The TV set I most desperately wanted to own in my life (apart from my very first one for my bedroom, obviously) was the Philips Cinema 21:9 56PFL9954H, a set from the heady Full HD days of 2009 that remained on-sale until 2012. As the name implies, this set tossed the 16:9 HD standards out the window and featured a 2560x1080 cinematic widescreen panel, so that you could watch movies without the letterboxing. Philips' Ambilight was included too, so it was just about the most atmospheric way to watch movies on the planet.
At the time, I thought it was the coolest TV idea I'd ever seen, and here in 2021… yep, I still think that. If anything, it's only become a more relevant concept, because I haven't been to the actual cinema since seeing Rise of Skywalker (hoo boy, what a downer for a last experience to have had), yet I've watched more films in the last 12 months than any year in the decade before.
And the technology involved only makes more sense now! At the time Philips had a resolution solution that seemed weird: so that the TV actually show regular 16:9 Full HD footage at real Full HD resolution, the screen was 1080 pixels tall. You could watch regular 16:9 video with black bars at the side, as if it were a 50-inch-or-so set. When watching something in cinemascope, the TV actually had to upscale the 1920x1080 original image to 2560x1440, effectively, with the black bars at the top and bottom then cropped off. The upscaling worked really well, mercifully, but we've only become better at it since.
For a while, I've been of the opinion that we're moving to a world where we won't worry about 'native' resolutions anymore, because upscaling and processing is so advanced and prevalent that it doesn't matter. 4K consoles regularly create frames at lower resolutions and upscale them; 8K TVs offer better image quality than 4K TVs despite there being no 8K content… having an exact pixel match ain't what it used to be. And in that environment, doesn't the Philips TV's embrace of upscaling make perfect sense? A modern version with a 5040x2160 screen and an AI-based processor would look better-than-4K no question.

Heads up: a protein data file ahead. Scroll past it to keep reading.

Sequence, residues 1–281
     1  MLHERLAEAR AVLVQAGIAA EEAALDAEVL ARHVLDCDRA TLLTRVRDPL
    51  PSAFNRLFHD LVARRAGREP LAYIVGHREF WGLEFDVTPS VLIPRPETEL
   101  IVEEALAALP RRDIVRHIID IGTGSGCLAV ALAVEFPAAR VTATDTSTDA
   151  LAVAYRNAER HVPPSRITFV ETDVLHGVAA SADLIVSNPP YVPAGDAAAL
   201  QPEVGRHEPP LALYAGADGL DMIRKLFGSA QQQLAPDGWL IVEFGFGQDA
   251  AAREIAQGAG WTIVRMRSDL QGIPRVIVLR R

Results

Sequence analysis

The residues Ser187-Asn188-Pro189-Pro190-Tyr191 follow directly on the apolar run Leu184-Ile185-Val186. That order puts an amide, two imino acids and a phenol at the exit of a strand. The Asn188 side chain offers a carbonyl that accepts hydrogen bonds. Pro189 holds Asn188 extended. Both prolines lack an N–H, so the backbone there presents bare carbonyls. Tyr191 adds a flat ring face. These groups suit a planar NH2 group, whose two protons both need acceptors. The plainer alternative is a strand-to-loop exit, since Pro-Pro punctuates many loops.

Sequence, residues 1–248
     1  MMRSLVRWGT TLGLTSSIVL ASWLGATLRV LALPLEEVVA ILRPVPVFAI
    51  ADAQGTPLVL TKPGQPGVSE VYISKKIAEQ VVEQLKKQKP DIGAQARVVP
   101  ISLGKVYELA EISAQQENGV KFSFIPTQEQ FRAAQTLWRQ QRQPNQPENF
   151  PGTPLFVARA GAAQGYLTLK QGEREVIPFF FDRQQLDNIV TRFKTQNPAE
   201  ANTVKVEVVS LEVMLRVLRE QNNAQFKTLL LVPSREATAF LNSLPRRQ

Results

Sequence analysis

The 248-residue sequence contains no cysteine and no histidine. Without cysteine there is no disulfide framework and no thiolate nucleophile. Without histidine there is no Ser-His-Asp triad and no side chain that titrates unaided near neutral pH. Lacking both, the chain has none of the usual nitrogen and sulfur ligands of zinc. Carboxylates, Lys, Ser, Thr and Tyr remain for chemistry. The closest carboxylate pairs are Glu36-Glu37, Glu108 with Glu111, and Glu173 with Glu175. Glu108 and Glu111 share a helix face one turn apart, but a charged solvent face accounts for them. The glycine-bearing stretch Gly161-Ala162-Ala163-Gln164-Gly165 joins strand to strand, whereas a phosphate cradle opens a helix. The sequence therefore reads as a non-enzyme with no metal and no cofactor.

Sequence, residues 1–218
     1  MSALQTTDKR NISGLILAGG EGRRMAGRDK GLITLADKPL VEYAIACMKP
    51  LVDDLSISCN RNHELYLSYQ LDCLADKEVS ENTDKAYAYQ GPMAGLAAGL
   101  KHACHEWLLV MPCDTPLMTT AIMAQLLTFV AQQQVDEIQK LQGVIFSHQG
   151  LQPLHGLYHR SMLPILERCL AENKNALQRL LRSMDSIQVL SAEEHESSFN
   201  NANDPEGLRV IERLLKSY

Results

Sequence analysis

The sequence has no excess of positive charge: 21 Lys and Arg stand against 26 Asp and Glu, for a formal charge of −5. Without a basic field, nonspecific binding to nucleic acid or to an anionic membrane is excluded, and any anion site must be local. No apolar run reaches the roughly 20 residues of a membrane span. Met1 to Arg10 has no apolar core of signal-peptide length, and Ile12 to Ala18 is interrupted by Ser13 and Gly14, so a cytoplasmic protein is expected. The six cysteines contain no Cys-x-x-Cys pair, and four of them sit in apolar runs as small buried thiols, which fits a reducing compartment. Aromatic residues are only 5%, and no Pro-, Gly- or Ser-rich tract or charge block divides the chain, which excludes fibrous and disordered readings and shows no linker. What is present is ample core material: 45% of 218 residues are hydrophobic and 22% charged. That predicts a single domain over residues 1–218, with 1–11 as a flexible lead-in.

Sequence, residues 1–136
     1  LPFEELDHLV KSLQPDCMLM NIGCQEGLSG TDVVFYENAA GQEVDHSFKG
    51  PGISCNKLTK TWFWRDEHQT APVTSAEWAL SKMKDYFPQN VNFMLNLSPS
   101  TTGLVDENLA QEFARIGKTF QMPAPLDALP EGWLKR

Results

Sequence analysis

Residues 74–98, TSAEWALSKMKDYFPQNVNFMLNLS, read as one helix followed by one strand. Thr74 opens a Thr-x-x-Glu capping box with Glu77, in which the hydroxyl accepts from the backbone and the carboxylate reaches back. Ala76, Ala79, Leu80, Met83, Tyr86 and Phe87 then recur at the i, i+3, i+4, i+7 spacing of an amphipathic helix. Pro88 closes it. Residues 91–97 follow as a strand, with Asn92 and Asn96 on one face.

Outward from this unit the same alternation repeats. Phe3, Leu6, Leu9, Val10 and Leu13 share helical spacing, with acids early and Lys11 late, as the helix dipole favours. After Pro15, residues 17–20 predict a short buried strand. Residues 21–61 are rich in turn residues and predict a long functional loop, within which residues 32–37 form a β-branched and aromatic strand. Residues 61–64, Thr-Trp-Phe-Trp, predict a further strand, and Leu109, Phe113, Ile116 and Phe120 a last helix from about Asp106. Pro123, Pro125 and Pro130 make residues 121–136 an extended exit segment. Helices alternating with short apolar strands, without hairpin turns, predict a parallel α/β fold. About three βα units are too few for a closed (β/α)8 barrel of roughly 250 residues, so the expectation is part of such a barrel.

Go wide or go home
In the last few years, 21:9 screens have suddenly become huge, appearing on the best phones and PC monitors… but not the best TVs. And I do understand why – it would be really expensive to produce, and the total list of buyers would be me, a handful of equivalent nerds from AV forums, and some footballers. I never got to own the Philips set I coveted so much because it cost £4,500 – more like £6,500 adjusted for inflation – and though panel costs have come down massively, I would still expect it to be premium priced.
But think about what you could do with this concept and new flexible OLED displays! When LG first announced the rollable OLED R screen, it said you could extend it to different heights for different purposes. Naturally, the first thought I had was that you could extend it to specific heights for different aspect ratios… but no, it won't do that.
But what if you had an OLED TV that looked like a normal 16:9 4K set, but had some extra panel curled away on the left and right, like a scroll? And when you enter movie mode, those extra screen sections unroll, adding extra width in real time, mimicking how the curtains open at the cinema to reveal the full screen when the movie's starting. Don't you want that little thrill at home? Hell, even a regular flat panel version of it could still make a point of including a little 'widening' animation when you enter cinema mode.
And once we've all agreed on bringing cinema widescreen to the living room, it's time to talk about my plans for TV makers to make 8K sets that are tall instead of wide, so we can watch 1.43:1 IMAX at home properly…